Measles Information

Ragweed in focus in the foreground with person in a sun hat blowing their nose blurred out in the background.
Ragweed in focus in the foreground with person in a sun hat blowing their nose blurred out in the background.

Do Seasonal Allergies Develop With Age?

An Allergist Has Answers

Are your spring or fall sniffles something new at age 30 — or 50? Unfortunately, allergies can strike any time, and it's not uncommon for you to develop them later in life. 

One theory as to why adults may get allergies is that they may not have been exposed to the same allergens as a child. For example, people who lived on farms may have fewer allergies than people who grew up in the city. It's also possible to experience an allergic episode earlier in life, only to have symptoms temporarily fade and then reappear in adulthood. This can even occur in people who had allergen immunotherapy (allergy shots) as a child.

"Getting a pet or moving to a new region in the country with different foliage can trigger new symptoms," says Baiju Malde, MD, an allergy and immunology specialist at Northwestern Medicine. "Often, it can take three years of being exposed to a certain seasonal foliage before you develop symptoms."

Understanding Allergies

Allergies happen when your immune system reacts to a substance in the environment, like pollen, dust mites or pet dander. These instigators are called allergens. Not everyone responds the same. Your protective immune system may be overly sensitive to substances that aren't necessarily harmful, like pollen, while your sibling can run through a budding arboretum sneeze-free.

Once an allergen has creeped in, usually through the nose, it triggers an antibody response and your immune system releases a chemical called histamine. Histamine causes your nose to produce more mucus and become swollen and inflamed. A runny nose often itches, triggering sneezing and watering eyes.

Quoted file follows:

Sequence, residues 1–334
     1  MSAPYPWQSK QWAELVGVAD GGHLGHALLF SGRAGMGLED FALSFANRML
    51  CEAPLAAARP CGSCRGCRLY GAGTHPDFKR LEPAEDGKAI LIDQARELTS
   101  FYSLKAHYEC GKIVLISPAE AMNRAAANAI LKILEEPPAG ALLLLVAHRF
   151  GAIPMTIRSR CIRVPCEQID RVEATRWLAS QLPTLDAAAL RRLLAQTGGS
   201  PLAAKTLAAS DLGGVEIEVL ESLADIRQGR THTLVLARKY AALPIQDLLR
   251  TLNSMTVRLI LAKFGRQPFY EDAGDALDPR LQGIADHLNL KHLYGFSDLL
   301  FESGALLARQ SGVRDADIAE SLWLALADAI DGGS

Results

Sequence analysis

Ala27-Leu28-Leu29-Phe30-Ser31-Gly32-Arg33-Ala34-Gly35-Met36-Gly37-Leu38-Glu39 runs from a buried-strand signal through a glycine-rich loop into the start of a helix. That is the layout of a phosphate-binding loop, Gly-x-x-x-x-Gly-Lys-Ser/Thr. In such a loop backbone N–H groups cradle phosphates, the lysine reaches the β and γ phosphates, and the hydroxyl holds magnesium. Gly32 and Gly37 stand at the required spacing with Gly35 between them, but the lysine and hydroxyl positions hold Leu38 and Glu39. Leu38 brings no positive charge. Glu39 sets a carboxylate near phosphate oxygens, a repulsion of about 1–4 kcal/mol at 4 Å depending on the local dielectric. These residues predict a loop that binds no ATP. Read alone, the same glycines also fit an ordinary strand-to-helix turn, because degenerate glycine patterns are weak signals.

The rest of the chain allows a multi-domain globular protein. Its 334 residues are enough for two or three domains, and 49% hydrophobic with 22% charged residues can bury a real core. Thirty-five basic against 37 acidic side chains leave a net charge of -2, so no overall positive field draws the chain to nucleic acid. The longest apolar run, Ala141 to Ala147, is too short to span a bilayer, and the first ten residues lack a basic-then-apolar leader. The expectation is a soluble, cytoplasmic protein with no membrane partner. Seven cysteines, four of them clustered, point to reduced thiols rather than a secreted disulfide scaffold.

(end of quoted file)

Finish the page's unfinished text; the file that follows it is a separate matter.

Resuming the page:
Common Seasonal Triggers

Triggers for allergies typically come in the warmer, growing seasons. The most common triggers, include:

  • Spring and summer: tree and grass pollen and spores from molds and fungi
  • Fall: ragweed pollen or other weed pollen

Many environmental changes across the country are creating a higher concentration of airborne pollutants. These pollutants can worsen symptoms of both allergies and asthma.

Allergy Testing and Treatment

If you start to have cold-like symptoms — runny, itchy nose and sneezing — after spending time outside, close your windows and rinse off in the shower.

If you have more severe symptoms, taking over-the-counter or prescription medications, under the advice of your physician, may help. If your symptoms do not improve and continue to affect your quality of life, it might be time to see an allergist for a full evaluation.

To diagnose seasonal allergies, your allergist will have you undergo one of these tests:

  • Scratch test or prick test to apply specific allergens to the surface of your back or arm. If your skin turns red or develops raised bumps after 15 minutes, you are reacting to that allergen.
  • Blood test to check for the presence of antibodies linked to specific allergens.

Following testing, your physician might recommend allergy shots as an alternative to medications. Allergy shots are a way to train your body to tolerate the things you're allergic to. However, this treatment takes commitment. If you decide to have allergy shots, typically you will start with weekly injections, then move on to monthly injections for three to five years.

Allergies can be a nuisance, so discuss your symptoms with your care team to pinpoint specific triggers and find some relief.